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No data shows one million white people living in poverty in South Africa

“I hope that this will open not only your eyes, but also your hearts!” says a tweet from 2 July 2019. It claims that 1 million white people in South Africa “live in extreme poverty”. 

But the tweet’s statistics are incorrect, according to the most recent data on poverty in South Africa.



Three poverty lines


South Africa has three poverty lines, which “capture different degrees of poverty and allow the country to measure and monitor poverty at different levels”. 

This is according to Statistics South Africa, the national statistical agency. Stats SA uses data on the money people spend to calculate the number of people living in poverty.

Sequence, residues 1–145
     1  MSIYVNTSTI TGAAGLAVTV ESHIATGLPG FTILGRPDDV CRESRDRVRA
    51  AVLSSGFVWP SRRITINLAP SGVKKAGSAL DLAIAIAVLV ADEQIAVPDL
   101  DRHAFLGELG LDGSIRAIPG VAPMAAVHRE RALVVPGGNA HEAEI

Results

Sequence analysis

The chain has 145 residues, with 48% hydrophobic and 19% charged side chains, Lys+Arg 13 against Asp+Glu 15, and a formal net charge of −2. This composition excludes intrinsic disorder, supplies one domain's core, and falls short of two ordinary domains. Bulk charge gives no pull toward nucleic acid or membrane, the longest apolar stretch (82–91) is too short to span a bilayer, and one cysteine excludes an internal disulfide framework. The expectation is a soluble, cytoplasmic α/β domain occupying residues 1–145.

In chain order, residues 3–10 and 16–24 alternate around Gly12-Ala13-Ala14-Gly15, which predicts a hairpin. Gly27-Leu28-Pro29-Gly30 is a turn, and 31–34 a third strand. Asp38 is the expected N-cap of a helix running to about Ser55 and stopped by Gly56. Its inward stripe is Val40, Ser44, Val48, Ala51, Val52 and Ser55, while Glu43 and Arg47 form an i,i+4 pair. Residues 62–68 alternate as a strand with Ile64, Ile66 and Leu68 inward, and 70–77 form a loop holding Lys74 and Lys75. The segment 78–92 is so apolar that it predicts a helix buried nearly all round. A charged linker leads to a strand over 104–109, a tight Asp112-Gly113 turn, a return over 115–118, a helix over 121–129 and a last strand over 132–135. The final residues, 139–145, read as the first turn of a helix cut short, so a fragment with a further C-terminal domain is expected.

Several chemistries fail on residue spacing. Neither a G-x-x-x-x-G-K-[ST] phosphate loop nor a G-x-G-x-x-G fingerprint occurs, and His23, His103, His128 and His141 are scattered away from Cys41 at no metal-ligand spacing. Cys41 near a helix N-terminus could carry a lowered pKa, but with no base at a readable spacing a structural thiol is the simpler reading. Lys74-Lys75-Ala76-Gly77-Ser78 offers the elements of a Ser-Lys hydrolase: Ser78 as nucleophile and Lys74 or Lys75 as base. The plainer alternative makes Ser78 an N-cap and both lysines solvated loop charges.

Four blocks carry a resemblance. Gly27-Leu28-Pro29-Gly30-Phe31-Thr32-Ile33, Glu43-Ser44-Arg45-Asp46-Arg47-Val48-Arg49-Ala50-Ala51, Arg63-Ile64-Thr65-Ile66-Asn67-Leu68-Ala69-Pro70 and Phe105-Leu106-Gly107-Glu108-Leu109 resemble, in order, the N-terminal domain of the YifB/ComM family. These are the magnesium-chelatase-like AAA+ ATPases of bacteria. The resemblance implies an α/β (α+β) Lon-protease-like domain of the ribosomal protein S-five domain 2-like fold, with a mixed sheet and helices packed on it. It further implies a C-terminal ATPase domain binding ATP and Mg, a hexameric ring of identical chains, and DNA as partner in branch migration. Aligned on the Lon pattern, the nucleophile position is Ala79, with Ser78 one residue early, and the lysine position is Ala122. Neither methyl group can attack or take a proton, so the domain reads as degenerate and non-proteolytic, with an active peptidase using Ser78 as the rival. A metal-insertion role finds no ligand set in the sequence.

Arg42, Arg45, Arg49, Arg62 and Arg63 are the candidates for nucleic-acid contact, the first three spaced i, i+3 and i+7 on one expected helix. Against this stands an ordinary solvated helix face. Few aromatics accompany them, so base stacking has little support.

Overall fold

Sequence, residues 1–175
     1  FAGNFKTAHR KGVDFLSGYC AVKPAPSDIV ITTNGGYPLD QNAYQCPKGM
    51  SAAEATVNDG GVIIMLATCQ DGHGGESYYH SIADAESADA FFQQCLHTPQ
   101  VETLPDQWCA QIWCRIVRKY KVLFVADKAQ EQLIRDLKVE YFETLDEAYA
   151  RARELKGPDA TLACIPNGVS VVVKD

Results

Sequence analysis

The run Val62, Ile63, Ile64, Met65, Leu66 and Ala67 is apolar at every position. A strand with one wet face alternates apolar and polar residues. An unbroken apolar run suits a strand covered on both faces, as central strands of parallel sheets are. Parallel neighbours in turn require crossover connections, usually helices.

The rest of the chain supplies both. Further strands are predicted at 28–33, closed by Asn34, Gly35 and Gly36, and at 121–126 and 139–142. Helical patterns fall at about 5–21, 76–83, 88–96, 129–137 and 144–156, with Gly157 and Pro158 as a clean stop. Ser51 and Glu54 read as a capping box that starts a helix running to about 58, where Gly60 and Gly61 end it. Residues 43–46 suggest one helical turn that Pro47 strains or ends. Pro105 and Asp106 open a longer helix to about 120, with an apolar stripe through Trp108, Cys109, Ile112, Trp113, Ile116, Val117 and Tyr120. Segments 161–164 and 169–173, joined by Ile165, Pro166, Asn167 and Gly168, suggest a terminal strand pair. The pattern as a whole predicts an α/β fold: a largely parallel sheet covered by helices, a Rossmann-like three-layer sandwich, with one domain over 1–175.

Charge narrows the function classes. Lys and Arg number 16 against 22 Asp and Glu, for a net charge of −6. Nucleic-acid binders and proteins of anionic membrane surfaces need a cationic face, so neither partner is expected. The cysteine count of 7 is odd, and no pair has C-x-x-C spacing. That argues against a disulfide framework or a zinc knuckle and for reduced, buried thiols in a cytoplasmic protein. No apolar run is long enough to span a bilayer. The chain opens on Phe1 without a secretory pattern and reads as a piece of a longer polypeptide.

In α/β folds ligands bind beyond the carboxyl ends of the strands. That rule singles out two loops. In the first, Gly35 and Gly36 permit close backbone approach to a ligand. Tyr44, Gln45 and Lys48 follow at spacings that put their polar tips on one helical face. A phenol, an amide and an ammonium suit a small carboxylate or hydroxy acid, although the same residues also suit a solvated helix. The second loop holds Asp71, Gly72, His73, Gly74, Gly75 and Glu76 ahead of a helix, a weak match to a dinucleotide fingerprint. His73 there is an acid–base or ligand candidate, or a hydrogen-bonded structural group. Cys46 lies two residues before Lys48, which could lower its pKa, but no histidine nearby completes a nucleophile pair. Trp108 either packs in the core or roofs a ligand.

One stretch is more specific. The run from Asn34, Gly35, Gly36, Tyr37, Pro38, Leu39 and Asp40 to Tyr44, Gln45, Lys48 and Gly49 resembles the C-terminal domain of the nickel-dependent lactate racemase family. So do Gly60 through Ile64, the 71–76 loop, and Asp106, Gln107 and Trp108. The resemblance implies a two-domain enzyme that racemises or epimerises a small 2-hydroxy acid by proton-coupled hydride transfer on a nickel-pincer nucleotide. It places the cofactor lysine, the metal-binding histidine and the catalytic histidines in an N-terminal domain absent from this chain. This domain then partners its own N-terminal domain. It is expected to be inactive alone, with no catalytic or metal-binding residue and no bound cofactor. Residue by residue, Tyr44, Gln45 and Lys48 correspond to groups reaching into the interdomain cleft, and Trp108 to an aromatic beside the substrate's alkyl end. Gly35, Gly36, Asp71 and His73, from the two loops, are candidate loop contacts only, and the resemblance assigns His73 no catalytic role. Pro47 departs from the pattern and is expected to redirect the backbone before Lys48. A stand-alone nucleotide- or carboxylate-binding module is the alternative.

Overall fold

In 2015, the upper-bound poverty line – the highest measure – was set at R992 a month. A person who spent less than that each month was considered to be living in poverty. 

Based on this, an estimated 30.4 million people in South Africa lived in poverty. This was equal to 55.5% of the population. 

Fewer than 50,000 white people in poverty


A racial breakdown of the data does not show that a million white people live in poverty. In fact, the estimate is magnitudes lower at 47,494. This represents just 1% of the white population.



People living in poverty in South Africa by population group (2015)
Population groupNumber% of population group
African/Black28,267,53064.2%
Coloured1,989,30441.3%
Indian/Asian79,4605.9%
White47,4941%
South Africa30,383,78855.5%

Source: Statistics South Africa’s Poverty Trends in South Africa (2015)

In comparison, 64.2% of the black population and 41.3% of the coloured population live in poverty. – Africa Check




 

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